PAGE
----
Helsinki (31.05.1998 - Juhani Artto) The Nordic countries are often - and with justification - presented as model countries with respect to equality of the sexes. Concrete results in this area, however, are far from ideal in the opinion of Riitta Partinen, the SAK Secretary of Equal Opportunity. In Finland, as in all other countries in the world, women are still discriminated against in working life, even though in the Nordic countries this occurs in forms which are more covert than elsewhere.

"In earlier decades we believed that inequality would disappear when legislation was balanced, when women got as much formal education as men and when the problem of arranging day-care for small children was overcome. In the 1990s, however, we have had to recognise that all of this is not enough", Partinen says.

"We have been forced to deepen our analysis of the reasons why the many important steps which have been taken to create the conditions for equality have left us with so few concrete results in working life."

(20.05.1998 - Kimmo Kiljunen) Productivity is rising steadily. Over the current century output per hour has increased 25-fold. We are achieving production targets more easily and rapidly than ever before. All of this is extending available leisure time.

This increased leisure time can be divided evenly, bringing benefits to each and every one of us, or it can be managed by forcing part of the labour force to discontinue working life. Ultimately this choice is a political one.

Historically, some of the productivity increase has been used to shorten hours of work. At the beginning of this century the average working year in Finland was about 3,000 hours. Now it is only 1,700 hours.

In Summer 1917 Finland became the first country in the world to approve legislation on the eight hour working day.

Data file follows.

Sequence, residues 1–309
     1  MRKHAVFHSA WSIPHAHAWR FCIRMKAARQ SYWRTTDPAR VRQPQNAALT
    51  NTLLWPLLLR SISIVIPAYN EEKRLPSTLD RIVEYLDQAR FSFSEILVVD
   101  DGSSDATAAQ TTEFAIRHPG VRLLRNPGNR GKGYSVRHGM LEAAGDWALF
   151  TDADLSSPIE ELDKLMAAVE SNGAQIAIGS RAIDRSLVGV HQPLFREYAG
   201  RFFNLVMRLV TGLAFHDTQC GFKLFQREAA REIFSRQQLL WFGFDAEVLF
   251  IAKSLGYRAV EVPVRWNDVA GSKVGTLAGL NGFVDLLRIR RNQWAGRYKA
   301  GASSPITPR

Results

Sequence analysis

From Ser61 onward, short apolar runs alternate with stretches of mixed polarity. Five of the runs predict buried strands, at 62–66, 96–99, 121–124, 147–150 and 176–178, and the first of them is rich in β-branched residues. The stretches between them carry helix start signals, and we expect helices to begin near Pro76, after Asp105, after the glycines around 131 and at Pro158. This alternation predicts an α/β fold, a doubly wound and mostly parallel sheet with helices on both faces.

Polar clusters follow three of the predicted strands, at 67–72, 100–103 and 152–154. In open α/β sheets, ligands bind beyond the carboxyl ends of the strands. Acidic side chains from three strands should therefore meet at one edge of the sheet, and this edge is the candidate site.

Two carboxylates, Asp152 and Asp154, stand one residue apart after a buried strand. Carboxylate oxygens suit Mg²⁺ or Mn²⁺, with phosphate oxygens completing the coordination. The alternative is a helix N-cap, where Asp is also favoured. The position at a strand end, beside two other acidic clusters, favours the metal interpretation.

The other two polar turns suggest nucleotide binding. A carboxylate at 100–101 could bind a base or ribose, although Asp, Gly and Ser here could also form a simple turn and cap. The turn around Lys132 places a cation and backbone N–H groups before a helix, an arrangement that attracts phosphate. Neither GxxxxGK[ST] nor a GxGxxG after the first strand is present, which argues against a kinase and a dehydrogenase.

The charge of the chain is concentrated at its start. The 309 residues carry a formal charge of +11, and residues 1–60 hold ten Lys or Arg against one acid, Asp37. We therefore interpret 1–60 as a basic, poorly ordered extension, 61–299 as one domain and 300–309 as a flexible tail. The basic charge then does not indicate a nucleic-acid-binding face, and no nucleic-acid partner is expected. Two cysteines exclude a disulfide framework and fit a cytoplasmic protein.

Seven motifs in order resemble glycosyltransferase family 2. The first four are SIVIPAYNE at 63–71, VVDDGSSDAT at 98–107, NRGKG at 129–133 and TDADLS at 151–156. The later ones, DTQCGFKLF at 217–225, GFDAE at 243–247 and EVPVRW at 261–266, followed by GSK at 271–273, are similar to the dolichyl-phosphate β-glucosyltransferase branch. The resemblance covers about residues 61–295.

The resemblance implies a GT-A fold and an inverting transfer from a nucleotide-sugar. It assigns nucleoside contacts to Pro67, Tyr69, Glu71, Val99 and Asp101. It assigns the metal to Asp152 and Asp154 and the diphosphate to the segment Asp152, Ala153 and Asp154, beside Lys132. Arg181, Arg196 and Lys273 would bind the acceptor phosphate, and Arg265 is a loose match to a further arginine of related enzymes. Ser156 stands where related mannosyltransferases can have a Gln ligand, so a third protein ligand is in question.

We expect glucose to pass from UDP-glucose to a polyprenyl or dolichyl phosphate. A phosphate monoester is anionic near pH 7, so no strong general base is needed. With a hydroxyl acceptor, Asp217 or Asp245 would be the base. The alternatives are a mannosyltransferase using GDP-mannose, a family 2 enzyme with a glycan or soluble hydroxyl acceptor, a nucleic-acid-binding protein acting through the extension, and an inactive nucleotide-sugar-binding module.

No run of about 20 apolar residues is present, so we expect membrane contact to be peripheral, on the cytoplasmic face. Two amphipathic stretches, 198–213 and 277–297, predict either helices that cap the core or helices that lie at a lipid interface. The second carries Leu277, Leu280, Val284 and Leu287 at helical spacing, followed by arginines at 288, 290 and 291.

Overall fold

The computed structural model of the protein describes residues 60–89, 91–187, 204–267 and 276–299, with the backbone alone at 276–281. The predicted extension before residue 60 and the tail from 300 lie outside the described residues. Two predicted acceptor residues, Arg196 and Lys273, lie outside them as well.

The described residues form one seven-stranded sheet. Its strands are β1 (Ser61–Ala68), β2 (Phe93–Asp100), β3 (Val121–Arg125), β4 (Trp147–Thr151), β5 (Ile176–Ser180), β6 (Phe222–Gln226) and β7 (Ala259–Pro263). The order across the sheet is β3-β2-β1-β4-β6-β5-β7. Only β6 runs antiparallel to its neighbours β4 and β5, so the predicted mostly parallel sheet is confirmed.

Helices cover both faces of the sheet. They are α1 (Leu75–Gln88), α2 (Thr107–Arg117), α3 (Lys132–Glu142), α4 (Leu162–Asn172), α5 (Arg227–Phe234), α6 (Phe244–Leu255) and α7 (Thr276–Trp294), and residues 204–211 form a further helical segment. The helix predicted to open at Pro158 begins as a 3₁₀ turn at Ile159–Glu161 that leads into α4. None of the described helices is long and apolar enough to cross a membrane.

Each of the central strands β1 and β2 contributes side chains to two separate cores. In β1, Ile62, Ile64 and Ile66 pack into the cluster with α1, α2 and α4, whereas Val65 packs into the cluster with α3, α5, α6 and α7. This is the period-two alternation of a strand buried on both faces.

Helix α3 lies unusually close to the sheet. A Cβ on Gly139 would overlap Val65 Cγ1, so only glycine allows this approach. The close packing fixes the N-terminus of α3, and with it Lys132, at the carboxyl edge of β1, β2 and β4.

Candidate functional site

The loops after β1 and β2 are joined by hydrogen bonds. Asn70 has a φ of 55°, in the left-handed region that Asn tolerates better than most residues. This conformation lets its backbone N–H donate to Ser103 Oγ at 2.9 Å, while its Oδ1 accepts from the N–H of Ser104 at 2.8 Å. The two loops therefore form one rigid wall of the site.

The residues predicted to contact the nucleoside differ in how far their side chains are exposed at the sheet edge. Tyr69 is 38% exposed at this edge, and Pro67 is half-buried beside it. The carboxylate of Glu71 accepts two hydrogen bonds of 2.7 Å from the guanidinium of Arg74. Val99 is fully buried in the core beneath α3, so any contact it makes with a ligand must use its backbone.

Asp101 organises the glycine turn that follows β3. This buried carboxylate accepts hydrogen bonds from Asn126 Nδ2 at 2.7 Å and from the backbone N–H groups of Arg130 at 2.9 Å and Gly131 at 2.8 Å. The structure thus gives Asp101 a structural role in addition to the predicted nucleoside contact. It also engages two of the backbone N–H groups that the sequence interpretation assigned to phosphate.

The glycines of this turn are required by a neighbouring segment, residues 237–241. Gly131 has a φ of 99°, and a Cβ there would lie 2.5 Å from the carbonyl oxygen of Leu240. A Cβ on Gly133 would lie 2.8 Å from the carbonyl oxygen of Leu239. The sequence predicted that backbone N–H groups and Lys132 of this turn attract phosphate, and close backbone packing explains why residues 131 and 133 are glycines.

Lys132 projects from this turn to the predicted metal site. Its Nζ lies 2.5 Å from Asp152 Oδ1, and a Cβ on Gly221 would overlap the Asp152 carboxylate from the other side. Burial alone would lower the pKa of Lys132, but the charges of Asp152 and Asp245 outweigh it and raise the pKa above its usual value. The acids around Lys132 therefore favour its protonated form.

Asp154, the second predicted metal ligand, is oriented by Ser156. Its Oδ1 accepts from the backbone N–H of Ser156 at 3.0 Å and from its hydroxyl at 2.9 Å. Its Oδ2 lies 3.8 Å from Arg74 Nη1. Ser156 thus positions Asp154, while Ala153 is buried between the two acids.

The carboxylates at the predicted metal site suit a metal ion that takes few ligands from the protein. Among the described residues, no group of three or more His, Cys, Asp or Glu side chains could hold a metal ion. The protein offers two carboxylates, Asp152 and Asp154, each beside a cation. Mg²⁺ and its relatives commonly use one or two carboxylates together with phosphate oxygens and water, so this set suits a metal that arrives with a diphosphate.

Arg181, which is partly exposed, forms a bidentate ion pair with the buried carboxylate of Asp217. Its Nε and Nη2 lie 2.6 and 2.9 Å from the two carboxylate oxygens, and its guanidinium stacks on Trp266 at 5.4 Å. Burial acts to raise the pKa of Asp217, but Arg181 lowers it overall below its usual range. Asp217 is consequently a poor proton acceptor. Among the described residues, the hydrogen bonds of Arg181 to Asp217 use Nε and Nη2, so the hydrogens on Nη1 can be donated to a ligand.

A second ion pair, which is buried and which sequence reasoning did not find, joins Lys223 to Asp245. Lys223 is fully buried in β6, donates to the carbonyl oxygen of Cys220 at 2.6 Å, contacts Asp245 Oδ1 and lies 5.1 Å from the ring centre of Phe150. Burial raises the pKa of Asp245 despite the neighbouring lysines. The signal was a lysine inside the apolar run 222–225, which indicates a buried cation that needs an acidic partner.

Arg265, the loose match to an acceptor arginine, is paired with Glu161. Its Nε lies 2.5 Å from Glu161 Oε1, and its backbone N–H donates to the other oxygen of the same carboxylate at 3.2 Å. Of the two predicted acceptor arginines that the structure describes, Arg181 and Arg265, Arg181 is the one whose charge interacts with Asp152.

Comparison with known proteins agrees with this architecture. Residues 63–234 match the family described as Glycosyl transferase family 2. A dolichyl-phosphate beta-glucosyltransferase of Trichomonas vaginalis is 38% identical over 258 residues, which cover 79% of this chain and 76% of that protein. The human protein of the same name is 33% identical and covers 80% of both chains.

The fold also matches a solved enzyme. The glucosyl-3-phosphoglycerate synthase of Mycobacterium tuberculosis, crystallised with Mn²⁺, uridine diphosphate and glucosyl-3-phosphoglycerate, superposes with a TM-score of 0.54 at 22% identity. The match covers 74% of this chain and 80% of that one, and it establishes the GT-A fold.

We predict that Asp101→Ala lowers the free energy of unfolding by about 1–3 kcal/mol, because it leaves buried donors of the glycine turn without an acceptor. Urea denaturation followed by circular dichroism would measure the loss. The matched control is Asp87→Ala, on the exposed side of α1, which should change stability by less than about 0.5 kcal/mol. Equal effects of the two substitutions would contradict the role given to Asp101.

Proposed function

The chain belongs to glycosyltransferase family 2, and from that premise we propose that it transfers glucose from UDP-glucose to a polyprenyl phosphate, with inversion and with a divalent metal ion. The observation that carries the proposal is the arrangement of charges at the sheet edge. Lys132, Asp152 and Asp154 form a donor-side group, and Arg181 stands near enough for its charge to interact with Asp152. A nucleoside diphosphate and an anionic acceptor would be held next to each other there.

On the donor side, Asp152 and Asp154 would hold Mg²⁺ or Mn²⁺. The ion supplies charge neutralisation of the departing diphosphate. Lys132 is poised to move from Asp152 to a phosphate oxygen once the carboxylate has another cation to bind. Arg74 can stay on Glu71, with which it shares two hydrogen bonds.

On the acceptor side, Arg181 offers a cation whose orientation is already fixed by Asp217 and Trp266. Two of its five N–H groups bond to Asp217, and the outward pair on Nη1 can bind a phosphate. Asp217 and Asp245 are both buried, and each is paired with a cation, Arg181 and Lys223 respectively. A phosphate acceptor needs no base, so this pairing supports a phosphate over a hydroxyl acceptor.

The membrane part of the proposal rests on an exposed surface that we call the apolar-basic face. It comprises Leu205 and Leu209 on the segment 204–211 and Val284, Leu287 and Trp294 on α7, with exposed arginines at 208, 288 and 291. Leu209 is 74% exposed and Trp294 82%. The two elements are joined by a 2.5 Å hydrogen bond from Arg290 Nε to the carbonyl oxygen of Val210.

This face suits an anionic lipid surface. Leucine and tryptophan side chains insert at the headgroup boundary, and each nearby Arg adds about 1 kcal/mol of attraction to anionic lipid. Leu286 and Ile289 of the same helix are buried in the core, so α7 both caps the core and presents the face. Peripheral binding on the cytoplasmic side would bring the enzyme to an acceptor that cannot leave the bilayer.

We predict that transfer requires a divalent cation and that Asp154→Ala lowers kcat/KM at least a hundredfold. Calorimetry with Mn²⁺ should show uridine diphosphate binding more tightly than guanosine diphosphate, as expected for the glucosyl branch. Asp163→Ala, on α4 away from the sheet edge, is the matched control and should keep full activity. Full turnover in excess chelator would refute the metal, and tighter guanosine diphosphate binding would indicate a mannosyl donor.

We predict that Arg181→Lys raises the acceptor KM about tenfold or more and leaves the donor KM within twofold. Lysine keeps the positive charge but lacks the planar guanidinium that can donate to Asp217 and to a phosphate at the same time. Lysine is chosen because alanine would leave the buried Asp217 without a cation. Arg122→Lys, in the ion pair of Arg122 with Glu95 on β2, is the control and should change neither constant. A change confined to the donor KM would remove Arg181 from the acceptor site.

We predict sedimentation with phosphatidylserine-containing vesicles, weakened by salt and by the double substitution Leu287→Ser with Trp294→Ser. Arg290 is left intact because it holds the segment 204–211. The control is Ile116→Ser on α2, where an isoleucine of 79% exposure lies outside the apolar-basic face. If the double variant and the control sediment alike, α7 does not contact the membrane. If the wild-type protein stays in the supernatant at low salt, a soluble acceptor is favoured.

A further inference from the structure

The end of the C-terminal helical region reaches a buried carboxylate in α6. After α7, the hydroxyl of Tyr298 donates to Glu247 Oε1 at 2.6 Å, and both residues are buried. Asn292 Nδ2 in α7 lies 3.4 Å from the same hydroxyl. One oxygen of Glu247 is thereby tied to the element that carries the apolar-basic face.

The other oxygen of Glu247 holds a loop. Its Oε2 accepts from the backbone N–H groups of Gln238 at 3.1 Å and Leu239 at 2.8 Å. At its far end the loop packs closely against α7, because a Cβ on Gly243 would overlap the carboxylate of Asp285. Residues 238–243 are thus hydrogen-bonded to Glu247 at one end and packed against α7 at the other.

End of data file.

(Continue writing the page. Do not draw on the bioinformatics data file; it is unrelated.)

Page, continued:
Helsinki (07.05.1998 - Juhani Artto) Finnish people are favourably disposed towards the trade union movement. Of the three central trade union confederations, the largest - SAK - is held in highest esteem with almost two-thirds of the population (64 per cent) saying that they appreciate this organisation "rather a lot" or better.

The two other central trade union confederations, STTK and Akava, also earn a high score with positive responses of 58 and 54 per cent respectively.

These results are from a recent opinion poll conducted for SAK by Gallup Finland. 1008 Finnish people over 15 years of age and living in various parts of the country were interviewed.

Contrary to the commonly held view, those under 35 years of age had the strongest faith in trade unions when asked which organisation or institution is the most effective force in combating unemployment. Union movement was the first choice of 53 per cent of everyone interviewed. Lower-paid salaried employees also clearly had a higher than average belief in the ability of the union movement to fight unemployment.

Helsinki (05.05.1998 - Juhani Artto) In Finland, as in several other industrialised countries, mergers are taking place in the union movement.

Four private service sector unions in Finland's largest central trade union organisation, SAK, have begun negotiations which will probably lead to their merger in 2001. The four unions currently represent some 212,000 commercial workers, employees in the hotel and catering industry, building caretakers, cleaners, industrial guards, travel agency employees and workers in a large number of smaller sectors. Almost two thirds of these belong to the Union of Commercial Employees.

Helsinki (04.05.1998 - Kimmo Kevätsalo) We have constructed our union activism in the Nordic countries on the basis of a labour sales monopoly. The unions have sought to gather all employees working in an industry into a common cartel in which an agreement is made on a minimum wage and then nobody works for wages below the minimum.

If somebody, an unemployed worker for example, tries to break the cartel, then the organised workers take action to resist this. Employers are aware of this and usually honour the conditions of the cartel, i.e. the minimum conditions set out in the collective agreement.